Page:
The Way We Do Things Around Here

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The Way We Do Things Around Here


Imagine if you asked any member of your team this question; “What does it mean to work here and what is this dental practice really about?”

Now lets assume that you have an environment where that question can be answered honestly and without repercussion; what do you think that they would actually say and what would you hope that they would say?

In short, until those two things are close enough to each other and without their answer being some kind of meaningless verbatim then you have a problem. In your capacity as dental business leader, you still have work to do. When you think about it, if there is an incongruence between what you know your business is really about and what your team think it’s about then no amount of training, team building days, parties, telling, screaming, shouting or regulation is going to change anything.

In other words “the way we do things around here” should be valued, understood and applied every day and by every member of your team and without exception. “The way we do things around here” should be at the heart of how you recruit, retain and develop your team. And yet “The way we do things around here” cannot be forced upon anybody, it has to resonate with your team and your team need to understand that this is an intrinsic part of working for you, just as much as maintaining professional registration and professional standards are.

The irony of this, is that in a profession where more and more regulation is being applied by external bodies and with so many aspects of dentistry being highly regulated and governed (to the point that I know some dentists are actually getting scared of doing dentistry) that so much of a dental business is left to chance. The soft skills aren’t regulated because bedside manner cannot be taught, it has to come from within and needs to be identified as part of your recruitment and retention strategy. Add in the fact that you probably spend most of your day in your surgery with your door closed, and at best you are left to lead your business most of the time by remote control, not with a blunt stick. If you are leading your business by remote control then it highlights just how important “the way we do things around here” is.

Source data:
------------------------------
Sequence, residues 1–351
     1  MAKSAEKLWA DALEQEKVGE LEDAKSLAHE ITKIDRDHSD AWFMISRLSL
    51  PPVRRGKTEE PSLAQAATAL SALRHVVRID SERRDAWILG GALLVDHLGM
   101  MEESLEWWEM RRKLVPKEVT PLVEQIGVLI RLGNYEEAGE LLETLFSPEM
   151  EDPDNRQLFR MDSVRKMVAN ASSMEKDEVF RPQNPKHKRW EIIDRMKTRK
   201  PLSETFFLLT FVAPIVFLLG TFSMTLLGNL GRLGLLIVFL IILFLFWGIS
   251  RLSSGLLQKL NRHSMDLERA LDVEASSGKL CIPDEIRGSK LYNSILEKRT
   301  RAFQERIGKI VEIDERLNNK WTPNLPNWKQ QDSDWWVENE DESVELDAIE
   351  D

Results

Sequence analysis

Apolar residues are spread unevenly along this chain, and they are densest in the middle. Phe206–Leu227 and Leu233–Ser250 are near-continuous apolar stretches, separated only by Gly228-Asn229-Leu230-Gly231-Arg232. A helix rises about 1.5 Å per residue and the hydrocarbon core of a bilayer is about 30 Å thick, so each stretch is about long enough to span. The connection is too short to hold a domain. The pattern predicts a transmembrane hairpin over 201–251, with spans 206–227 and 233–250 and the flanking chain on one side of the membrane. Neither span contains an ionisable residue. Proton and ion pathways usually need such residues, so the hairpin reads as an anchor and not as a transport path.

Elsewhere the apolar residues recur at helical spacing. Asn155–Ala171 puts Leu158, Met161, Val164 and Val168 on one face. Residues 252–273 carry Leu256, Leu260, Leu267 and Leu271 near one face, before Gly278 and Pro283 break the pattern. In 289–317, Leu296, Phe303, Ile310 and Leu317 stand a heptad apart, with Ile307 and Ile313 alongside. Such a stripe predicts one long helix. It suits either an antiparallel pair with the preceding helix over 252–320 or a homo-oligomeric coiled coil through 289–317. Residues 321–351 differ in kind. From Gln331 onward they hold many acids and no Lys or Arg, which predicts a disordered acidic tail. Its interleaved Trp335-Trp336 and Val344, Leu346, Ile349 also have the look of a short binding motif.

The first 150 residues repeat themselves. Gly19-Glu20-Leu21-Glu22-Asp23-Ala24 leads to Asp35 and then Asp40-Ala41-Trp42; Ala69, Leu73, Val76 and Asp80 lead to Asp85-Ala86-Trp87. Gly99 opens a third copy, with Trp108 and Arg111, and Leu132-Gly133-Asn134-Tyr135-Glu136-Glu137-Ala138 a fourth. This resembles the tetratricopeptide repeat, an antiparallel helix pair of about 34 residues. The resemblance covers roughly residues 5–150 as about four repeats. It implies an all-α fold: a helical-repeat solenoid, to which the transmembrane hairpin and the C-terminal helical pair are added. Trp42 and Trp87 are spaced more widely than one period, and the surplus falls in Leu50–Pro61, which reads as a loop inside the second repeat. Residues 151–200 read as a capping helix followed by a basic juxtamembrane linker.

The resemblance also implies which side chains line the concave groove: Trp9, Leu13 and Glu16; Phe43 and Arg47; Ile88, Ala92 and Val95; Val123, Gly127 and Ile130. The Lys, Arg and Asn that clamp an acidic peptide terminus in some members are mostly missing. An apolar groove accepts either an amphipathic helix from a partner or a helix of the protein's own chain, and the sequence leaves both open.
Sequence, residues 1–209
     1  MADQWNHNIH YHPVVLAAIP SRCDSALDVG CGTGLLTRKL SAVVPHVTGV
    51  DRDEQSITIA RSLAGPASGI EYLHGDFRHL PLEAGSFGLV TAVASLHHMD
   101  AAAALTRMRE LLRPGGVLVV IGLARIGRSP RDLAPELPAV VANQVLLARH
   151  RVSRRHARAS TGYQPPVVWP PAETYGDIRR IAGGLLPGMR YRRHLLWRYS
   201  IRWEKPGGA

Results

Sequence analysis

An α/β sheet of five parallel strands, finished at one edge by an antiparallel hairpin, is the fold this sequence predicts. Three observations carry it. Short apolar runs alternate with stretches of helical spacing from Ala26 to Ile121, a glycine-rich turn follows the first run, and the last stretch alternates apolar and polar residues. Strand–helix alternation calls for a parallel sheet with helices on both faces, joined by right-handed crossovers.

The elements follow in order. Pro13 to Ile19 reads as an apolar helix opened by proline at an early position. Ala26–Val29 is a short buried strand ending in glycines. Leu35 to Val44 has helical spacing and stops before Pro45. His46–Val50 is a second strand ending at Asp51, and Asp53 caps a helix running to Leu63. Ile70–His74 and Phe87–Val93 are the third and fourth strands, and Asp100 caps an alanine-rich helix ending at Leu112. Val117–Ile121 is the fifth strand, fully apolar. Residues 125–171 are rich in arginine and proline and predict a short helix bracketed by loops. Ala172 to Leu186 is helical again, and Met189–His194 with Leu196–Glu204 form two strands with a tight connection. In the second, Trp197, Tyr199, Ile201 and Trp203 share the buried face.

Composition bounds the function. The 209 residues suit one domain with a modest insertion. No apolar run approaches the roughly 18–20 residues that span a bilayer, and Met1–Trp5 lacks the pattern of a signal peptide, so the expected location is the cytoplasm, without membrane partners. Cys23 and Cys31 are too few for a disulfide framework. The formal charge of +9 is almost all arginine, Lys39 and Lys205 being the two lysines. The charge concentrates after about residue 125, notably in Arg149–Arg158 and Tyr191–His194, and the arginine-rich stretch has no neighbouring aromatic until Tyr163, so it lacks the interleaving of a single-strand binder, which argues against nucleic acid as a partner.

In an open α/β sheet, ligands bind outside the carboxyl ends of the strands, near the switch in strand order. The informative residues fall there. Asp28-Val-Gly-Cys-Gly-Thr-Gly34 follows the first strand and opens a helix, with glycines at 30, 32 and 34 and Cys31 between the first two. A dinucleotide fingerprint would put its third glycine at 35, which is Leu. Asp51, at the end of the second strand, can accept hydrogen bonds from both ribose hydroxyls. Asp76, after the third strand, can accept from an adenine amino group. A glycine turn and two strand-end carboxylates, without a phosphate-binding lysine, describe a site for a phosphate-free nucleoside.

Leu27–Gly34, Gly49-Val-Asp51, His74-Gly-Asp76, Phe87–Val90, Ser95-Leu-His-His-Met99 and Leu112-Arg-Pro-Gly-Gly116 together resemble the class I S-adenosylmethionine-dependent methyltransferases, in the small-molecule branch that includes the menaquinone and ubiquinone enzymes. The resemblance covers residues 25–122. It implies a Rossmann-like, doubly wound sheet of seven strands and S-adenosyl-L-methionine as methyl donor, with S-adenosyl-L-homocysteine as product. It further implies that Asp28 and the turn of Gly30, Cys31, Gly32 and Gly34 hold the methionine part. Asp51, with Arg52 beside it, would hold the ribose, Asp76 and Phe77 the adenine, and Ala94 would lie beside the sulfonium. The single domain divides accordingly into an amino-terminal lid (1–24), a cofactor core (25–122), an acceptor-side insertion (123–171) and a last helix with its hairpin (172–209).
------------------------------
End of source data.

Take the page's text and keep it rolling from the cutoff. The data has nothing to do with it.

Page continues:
The circumstances around dentistry are not unique but they are exceptional. Regulated professions rely not just on the regulator coming up with a suitable framework but also that history has proven that you cannot practically regulate every eventuality, so the regulators cannot rely upon a blunt stick for everything. Some professions are going through this right now. Being a responsible lender, financial planner or reseller of insurance products for example are nowadays so wrapped up in process and cooling off periods, that it’s hard sometimes to remember why these professions exist in the first place. What happened to just doing the very best that we can and helping our customers; was a blunt stick always required? I’ll suggest that what’s happened is that the purpose of these businesses have become eroded by amongst other things, regulation, targets, KPI’s, performance related pay and bonuses, fuelled by a few protagonists with poor values who push the limits of what they can get away with. And the answer from the regulators; even more regulation! As the gap between what the regulators expect and how the profession applies common sense, good practice and honest values narrows, then watch the time honoured fix of more regulation being applied in the short term, that is until the gap narrows again. This is a downward spiral and it can be seen elsewhere. The regulators might only have one instrument and it’s a fairly blunt stick. Leaders on the other hand know that a blunt stick is not the answer.

Refer to the “time bomb in dentistry” as I have on previous occasions and be bombarded with a “well it’s not me” retort and of course it probably isn’t you, but just as the honest players in other professions have had to fall into the regulatory line because of the actions of a few, the “well it’s not me” defence just won’t wash. That’s not just me saying it either. Dentistry front page 18th September sums it all up very well. “Earl Howe announcing ‘clear and consistent’ guidelines are being drawn up for dentists, in the wake of warnings that bone loss is a ‘time bomb’ set to cause growing misery.” The answer from the CDO is to examine how to provide better information for patients considering implants…well intended perhaps but can you see a pattern forming here? Get ready for even more regulation to govern how you speak to your patients and I’m already putting money on cooling off periods being introduced; “Please be advised that this conversation will be recorded for training and monitoring purposes” !

Now the answer from the regulators might well be even more stick waving but I think this is missing the point. If “the way we do things around here” is robust and built around the absolute core principles of caring for patients and doing the very best that you can, providing options and information (in other words the genuine values that I know most dentists believe in) then you will be doing your bit towards being one step ahead of the regulators. If you are proud of “the way we do things around here” and it is valued, understood and applied by all of your team then that is the best that you can do.

Values based businesses and their leaders don’t need to resort to a blunt stick.


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